Back-track



to return over the same course or route.
to withdraw from an undertaking, position, etc.; reverse a policy.
Historical Examples

“No matter about this shod horse and his back-track,” he continues, once more heading his own animal to the trail.
Gaspar the Gaucho Mayne Reid

It was certainly the path of a war-party of Indians on the back-track.
The War Trail Mayne Reid

Several times the horse ran over him, the turkey on these occasions turning and taking the back-track.
The Boy Hunters Captain Mayne Reid

Now that he had mounted and taken the back-track, the cause must be different.
The Lone Ranche Captain Mayne Reid

Say, Monk, do ye remember readin’ about that back-track stunt Last Time pulled off five years ago?
The Red Debt Everett MacDonald

“Now right about face and back-track uptown,” ordered the officer.
Oh, You Tex! William Macleod Raine

I could not cross the street and the only thing to do was to back-track.
Outwitting the Hun Pat O’Brien

Then you can follow over the pass and hit Green Valley, or you can back-track for the Ranger’s cabin and for home.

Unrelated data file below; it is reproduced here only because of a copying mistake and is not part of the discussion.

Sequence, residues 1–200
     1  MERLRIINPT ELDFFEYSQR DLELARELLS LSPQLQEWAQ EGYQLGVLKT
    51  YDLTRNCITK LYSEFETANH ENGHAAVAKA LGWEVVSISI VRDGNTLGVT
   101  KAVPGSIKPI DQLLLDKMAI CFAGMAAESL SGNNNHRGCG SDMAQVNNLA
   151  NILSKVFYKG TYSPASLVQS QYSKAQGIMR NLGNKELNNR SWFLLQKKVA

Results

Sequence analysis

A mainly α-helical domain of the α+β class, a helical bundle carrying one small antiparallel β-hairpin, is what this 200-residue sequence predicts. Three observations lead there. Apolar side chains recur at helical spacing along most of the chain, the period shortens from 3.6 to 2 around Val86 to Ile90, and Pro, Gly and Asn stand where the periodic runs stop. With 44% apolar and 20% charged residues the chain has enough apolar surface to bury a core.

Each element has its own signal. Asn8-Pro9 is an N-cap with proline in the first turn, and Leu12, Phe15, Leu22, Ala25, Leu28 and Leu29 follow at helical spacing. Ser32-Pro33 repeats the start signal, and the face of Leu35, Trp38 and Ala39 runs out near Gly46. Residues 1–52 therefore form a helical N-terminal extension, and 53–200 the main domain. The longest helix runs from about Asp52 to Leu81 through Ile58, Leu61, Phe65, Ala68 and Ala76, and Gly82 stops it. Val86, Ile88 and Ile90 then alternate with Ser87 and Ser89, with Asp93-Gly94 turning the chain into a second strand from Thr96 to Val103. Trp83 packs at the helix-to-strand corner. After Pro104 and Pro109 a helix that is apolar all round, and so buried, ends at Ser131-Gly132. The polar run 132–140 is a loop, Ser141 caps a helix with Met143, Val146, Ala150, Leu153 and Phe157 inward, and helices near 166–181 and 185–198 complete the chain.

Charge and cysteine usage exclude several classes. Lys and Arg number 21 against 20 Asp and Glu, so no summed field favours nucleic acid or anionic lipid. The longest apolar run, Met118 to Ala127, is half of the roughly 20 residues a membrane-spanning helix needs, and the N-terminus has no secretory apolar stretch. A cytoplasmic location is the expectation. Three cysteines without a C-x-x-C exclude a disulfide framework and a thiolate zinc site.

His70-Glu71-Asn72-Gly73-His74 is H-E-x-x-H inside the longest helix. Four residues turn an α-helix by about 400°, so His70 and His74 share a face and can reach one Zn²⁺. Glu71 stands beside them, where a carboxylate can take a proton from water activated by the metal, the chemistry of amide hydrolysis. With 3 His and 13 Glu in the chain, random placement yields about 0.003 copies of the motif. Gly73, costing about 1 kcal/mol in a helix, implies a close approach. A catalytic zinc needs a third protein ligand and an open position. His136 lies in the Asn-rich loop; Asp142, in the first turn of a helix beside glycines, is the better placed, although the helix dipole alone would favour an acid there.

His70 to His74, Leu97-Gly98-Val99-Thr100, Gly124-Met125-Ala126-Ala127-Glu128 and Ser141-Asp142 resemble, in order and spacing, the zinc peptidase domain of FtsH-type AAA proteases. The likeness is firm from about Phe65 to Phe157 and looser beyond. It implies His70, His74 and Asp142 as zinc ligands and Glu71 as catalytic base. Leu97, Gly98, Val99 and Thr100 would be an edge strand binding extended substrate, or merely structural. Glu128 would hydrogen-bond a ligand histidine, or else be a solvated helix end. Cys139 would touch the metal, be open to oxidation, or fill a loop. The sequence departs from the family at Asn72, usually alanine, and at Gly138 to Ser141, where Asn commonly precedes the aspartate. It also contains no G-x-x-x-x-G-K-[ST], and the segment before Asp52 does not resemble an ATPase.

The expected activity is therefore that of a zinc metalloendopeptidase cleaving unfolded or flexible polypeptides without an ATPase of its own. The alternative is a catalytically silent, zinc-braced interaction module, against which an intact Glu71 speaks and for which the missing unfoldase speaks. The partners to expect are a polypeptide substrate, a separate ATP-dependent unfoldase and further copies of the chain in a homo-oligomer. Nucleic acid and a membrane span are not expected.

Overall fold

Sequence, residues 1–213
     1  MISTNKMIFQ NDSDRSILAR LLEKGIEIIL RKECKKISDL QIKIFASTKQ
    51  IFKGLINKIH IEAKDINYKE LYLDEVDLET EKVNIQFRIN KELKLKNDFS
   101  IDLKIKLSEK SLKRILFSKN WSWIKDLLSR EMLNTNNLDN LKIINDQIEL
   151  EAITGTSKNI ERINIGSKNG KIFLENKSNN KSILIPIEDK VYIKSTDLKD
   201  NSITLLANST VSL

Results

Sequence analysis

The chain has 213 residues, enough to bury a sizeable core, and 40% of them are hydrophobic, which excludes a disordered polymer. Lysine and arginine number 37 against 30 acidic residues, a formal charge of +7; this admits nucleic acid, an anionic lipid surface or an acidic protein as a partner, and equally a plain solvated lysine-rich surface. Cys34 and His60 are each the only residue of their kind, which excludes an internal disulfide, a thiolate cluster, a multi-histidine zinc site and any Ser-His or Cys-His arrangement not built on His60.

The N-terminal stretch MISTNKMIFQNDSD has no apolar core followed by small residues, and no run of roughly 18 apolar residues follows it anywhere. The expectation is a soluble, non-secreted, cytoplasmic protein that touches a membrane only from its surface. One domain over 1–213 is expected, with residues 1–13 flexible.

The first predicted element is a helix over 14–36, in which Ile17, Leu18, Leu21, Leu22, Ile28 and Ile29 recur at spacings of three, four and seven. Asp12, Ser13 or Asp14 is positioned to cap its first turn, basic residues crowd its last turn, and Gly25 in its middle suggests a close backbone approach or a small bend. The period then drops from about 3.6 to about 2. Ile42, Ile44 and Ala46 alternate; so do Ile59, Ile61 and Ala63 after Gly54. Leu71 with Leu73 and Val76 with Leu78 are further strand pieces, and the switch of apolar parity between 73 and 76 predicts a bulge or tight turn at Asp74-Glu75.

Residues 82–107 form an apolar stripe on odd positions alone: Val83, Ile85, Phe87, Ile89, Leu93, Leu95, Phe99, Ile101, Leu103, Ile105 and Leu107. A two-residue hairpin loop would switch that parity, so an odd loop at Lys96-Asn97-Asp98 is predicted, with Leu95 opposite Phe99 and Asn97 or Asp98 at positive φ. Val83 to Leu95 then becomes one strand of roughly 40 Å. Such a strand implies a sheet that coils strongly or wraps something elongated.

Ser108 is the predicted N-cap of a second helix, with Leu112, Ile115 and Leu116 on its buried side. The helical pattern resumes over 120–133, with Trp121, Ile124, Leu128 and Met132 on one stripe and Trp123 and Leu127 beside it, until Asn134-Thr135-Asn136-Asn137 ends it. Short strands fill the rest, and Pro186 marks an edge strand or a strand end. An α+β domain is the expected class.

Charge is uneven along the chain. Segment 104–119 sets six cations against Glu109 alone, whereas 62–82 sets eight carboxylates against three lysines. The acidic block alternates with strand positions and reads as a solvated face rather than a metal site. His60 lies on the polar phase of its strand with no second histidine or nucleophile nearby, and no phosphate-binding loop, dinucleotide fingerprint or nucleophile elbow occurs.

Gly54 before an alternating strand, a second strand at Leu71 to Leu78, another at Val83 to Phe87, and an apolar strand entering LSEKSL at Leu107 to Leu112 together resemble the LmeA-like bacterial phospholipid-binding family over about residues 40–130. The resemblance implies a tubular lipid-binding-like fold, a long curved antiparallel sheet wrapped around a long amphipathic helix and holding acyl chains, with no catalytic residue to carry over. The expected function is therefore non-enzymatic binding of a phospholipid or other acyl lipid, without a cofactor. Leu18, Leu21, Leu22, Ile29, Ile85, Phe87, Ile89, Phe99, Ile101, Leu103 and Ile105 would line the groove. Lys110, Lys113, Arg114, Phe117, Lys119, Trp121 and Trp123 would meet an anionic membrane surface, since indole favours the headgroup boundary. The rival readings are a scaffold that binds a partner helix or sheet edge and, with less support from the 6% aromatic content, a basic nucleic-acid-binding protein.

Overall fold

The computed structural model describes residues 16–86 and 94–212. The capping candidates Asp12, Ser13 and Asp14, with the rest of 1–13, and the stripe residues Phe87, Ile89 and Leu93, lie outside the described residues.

Pluck on the Long Trail Edwin L. Sabin

“Well, I can’t just see us taking time in a short season to back-track and pile up ornamental brush piles,” he admitted.
The Rules of the Game Stewart Edward White

The act was determined upon, and Le Blanc and Quackenboss, without more delay, took the back-track for the village.
The War Trail Mayne Reid

verb (intransitive)
to return by the same route by which one has come
to retract or reverse one’s opinion, action, policy, etc
v.

“retrace one’s steps,” figuratively, by 1896, from literal sense, with reference to hunted foxes, from back (adv.) + track (v.). Related: Backtracked; backtracking.

Related Terms

boot

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